• Content marketing writing
  • Content strategy
  • Editing
  • Reporting
  • Magazine writing and editing
  • Website writing
  • SEO writing and strategy
  • Branded content writing and editing
  • Thought leadership content
  • Copywriting
  • Whitepapers
  • SEO writing
  • Launching editorial websites
  • Audience development
  • Blogging
  • Ghostwriting
  • Social media strategy
  • Development of voice and tone
  • Book projects

Email Diana about opportunities: Diana(at)DianaKelly.com.

Free Weekly Newsletter and Bonus PDF

Sign up for Diana Kelly Levey's weekly freelance writing tips e-newsletter to get expert know-how, freelance rate info, pitching tips, six-figure freelance advice, and discounts to products and services.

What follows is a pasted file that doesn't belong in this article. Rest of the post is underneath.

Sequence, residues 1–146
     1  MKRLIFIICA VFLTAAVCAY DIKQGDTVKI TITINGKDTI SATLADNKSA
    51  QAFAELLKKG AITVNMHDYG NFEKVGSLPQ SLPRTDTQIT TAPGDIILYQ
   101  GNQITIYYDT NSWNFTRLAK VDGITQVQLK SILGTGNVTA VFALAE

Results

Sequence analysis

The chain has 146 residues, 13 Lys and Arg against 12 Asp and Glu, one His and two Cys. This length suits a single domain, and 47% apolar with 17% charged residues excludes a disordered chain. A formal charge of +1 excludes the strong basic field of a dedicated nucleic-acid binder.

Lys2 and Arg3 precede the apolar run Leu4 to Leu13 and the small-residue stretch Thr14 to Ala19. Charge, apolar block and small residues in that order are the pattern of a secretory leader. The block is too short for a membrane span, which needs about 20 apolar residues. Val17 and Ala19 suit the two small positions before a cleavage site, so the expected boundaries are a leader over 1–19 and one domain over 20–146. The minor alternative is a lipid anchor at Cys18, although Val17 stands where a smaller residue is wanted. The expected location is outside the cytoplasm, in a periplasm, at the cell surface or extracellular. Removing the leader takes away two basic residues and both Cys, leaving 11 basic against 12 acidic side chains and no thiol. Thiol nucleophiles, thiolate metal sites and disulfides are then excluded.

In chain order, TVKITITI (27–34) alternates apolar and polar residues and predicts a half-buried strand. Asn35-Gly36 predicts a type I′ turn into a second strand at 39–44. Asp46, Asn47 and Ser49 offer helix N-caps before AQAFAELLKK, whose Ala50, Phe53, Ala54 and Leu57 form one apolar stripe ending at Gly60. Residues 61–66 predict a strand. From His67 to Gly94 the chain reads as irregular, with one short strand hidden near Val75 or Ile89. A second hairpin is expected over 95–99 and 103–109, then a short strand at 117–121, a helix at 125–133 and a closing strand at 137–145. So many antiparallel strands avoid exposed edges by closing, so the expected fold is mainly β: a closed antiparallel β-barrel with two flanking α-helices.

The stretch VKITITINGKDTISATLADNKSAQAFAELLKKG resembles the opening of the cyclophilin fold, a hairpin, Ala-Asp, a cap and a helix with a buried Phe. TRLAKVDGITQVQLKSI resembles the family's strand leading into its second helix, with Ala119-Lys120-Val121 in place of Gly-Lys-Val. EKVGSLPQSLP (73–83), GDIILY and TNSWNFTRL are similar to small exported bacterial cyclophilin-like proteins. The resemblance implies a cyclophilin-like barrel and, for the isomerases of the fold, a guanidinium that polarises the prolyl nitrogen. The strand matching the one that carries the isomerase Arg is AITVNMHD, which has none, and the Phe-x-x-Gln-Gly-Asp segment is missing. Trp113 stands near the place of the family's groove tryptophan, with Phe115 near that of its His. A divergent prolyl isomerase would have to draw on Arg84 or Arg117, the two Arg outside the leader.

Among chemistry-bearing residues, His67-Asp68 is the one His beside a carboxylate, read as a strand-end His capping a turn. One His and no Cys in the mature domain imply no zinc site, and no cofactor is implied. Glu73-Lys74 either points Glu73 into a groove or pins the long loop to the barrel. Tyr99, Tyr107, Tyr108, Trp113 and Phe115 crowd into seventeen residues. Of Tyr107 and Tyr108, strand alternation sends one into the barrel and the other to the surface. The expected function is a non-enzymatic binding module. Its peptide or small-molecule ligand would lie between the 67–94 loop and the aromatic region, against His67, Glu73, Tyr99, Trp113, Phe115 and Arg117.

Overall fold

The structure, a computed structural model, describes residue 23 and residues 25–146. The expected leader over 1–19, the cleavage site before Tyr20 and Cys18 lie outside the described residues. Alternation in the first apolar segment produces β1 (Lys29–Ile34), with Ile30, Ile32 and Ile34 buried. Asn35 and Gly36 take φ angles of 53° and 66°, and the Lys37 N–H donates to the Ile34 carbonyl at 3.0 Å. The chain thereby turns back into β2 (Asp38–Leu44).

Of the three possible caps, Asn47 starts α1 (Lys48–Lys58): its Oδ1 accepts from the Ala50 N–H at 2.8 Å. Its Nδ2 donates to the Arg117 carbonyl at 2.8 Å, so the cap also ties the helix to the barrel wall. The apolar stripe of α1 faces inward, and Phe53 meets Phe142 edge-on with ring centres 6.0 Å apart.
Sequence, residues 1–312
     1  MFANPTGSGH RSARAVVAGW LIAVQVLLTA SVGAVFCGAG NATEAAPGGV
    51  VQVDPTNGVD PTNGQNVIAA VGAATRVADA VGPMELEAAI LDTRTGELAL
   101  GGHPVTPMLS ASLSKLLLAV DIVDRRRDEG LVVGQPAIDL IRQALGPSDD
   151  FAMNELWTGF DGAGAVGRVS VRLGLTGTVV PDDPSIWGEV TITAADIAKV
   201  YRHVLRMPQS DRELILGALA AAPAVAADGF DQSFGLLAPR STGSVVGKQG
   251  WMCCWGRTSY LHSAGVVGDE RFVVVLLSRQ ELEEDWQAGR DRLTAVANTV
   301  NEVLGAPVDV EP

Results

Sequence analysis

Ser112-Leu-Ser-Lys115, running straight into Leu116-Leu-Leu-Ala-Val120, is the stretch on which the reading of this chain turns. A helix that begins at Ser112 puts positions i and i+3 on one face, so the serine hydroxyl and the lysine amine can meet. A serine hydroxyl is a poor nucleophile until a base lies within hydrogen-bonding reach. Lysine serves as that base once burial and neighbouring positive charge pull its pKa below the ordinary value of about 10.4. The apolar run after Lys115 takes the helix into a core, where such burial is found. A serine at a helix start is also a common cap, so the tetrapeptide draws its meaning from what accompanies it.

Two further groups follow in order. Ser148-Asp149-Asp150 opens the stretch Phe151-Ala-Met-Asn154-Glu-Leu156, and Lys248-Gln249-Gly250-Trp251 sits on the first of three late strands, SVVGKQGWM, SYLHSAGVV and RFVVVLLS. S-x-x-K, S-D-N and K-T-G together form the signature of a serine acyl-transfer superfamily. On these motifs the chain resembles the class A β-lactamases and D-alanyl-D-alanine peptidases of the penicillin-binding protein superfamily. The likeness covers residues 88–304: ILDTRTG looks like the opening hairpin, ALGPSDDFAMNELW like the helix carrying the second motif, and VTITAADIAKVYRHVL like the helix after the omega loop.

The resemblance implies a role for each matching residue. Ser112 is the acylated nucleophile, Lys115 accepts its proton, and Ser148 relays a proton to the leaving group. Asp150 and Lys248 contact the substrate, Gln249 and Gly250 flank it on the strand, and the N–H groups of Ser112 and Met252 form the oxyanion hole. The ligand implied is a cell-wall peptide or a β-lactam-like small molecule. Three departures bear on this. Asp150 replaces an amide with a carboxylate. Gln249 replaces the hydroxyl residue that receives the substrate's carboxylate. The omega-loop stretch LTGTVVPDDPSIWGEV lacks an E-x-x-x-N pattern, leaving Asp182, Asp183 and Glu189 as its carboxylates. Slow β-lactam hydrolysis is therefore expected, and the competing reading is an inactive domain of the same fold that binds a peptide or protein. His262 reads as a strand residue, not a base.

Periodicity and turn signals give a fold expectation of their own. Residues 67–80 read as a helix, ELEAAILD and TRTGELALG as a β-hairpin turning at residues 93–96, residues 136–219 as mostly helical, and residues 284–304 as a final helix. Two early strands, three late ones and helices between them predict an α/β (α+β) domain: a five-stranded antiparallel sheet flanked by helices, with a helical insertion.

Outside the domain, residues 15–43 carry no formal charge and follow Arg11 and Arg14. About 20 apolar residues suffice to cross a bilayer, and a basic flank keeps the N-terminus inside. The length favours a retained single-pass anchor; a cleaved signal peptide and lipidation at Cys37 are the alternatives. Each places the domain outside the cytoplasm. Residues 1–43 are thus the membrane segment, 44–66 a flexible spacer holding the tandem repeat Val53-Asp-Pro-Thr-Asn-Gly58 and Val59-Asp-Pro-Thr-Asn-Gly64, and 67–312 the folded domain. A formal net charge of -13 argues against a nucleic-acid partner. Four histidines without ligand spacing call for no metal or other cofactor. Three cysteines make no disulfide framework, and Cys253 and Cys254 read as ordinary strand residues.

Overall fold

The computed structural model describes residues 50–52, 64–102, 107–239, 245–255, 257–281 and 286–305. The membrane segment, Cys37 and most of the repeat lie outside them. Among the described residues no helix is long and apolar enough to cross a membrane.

As a thank you for subscribing, you'll get the FREE PDF "15 Signs You NEED to Raise Your Freelance Rates" when you confirm your email address.



See a recent example of the newsletter. Like it? Sign up.

Invalid email address
It's FREE! I won't spam you.


Free Download

Sign up for my weekly freelance writing tips newsletter and receive the FREE PDF resource "15 Signs You Need to Raise your Rates.' Enter your name and email to get the tips today!